Saturday, 15 October 2011

Pig-iron Bob

Sir Robert Menzies was the Prime Minister of Australia from 1949 (after Ben Chifley) until he retired in 1966 (followed by Harold Holt). Now Ming was not a particularly sporty cove, although he had a penchant for cricket which saw him sitting in the stands at Lords cheering on his antipodean flannelled fools. He was barrel-chested, and barrel-waisted, with a bit of a basso-profundo. And yet, in Canberra, THE main walking track is named after him. Bit of a contradiction in terms, I thinks to meself. But there is a charming story to it.

The main walking track in question is from bridge to bridge around Lake Burley Griffin. Canberra is an engineered city, plonked in the middle of nowhere so that the nation's capital was in neither Sydney nor Melbourne. To complete the air of artifice, a man-made lake was cultivated at its centre. When I lived in Canberra, during the tumultuous period of 1974-1977, I 'learnt to exercise' around the lake. During any given lunch-hour, it felt that half the bloody city was doing likewise. I would jog 100 steps, then walk 100 steps, thereby making it around.

And so to the charming story. Menzies had a daughter who had a daughter. Hah! I know that phrase well. In 1956, said daughter the elder (Heather) would take her baby for a walk in the pram (you know, that big wicker thing that required Arnie-sized biceps to push!) The paths around their home - and Canberra more widely - were terrible and they would come home and whinge, and the old man felt compelled to put things to right. At the same time, he was getting money through the Financial Estimates Committee for the lake itself. All items coallesced, and today there is a wonderful series of walking paths around the lake, from which these photographs were taken.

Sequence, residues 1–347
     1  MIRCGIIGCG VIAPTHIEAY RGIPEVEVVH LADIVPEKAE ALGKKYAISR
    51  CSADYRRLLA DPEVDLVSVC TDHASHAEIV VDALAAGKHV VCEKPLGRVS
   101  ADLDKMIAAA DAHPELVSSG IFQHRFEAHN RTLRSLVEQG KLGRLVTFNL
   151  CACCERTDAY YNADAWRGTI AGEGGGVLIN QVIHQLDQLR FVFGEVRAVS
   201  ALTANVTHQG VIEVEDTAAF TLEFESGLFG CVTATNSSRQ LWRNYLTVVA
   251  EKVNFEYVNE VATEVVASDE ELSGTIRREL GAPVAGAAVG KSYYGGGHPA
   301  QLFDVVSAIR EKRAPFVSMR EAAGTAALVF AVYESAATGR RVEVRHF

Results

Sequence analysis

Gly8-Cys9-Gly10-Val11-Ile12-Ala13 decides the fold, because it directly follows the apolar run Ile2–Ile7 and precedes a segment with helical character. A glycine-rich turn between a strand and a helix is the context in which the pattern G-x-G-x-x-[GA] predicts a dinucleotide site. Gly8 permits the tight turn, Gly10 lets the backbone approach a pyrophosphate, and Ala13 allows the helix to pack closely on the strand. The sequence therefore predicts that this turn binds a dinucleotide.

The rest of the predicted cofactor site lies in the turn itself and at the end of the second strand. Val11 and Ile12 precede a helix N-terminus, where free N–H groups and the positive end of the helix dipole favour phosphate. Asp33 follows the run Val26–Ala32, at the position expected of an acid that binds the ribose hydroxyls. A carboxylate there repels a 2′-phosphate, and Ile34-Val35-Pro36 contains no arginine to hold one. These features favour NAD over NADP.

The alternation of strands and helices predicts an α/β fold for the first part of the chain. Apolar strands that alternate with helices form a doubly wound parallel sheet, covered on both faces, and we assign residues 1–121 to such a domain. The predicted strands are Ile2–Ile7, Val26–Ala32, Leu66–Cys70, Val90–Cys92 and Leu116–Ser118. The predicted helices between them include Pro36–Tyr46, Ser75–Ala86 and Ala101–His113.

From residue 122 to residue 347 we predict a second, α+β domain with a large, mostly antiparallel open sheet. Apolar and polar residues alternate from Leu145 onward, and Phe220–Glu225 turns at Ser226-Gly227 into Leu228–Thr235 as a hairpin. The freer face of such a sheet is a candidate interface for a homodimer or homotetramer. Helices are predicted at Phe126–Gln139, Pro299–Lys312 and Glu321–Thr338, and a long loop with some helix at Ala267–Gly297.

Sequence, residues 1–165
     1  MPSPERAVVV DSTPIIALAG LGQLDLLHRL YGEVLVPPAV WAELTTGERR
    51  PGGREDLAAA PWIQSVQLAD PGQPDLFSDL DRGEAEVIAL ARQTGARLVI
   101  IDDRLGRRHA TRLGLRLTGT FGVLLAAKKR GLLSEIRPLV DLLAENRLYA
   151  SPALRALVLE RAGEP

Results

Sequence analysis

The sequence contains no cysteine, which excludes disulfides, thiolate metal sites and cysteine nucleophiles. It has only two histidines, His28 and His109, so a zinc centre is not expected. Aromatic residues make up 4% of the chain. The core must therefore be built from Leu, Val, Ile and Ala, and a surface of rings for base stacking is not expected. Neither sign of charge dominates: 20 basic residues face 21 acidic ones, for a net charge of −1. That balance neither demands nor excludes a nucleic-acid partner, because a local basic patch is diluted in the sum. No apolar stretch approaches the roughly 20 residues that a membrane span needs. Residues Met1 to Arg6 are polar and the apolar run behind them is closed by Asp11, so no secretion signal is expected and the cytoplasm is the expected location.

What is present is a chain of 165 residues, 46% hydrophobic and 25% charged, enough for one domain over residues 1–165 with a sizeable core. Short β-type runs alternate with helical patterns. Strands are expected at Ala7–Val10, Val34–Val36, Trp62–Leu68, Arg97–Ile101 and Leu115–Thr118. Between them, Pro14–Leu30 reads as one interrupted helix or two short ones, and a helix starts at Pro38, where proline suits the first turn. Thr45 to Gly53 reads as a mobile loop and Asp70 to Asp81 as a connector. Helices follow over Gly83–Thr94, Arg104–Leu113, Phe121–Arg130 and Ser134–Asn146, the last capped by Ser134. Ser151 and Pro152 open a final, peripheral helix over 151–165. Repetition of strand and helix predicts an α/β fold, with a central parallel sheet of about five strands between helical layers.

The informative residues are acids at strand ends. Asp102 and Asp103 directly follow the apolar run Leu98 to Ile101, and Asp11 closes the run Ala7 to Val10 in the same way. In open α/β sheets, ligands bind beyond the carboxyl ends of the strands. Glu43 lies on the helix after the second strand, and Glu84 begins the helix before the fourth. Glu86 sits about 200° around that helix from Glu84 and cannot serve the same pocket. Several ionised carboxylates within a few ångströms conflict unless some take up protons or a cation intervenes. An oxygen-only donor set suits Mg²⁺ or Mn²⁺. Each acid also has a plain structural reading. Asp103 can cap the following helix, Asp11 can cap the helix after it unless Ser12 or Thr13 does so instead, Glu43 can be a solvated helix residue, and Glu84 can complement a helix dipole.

Photo 1 - From Kings Bridge looking West, with The High Court on the left and Black Mountain communications tower straight ahead. You can just see Commonwealth Bridge in the distance, below the tower. The High Court is the court of last appeal.

Photo 2 - From the northern bank of the lake, looking South. With the National Art Gallery on the left, the High Court in the centre, and Parliament House on the right.

Photo 3 - Still on the northern shore, looking south-east toward the Carillon. There can be nothing nicer and more soothing than to sit on these benches and listen to the bells being played, like I did on Wednesday.

Photo 4 - Also taken from Kings Bridge. With the reflection of the Carillon, which was a gift from Britain in 1970.


Julie said...

I feel compelled to leave the first comment to explain the title to this post. As well as being known as Ming (because in some circles, Menzies is pronounced 'Mingus'), Sir Robert was also known, quite disparagingly, as 'Pig-iron Bob'. In 1938 he had a heated battle with water-side workers who refused to load iron for Japan (Japan then running amok through China). Somehow, I thought that after the war, during the 50s sometime, he was obliged to buy iron (or steel) back from Japan due to a shortage of it here at home. But I cannot find support for this second part of my recollection. Help me if you can, but I will keep looking, too.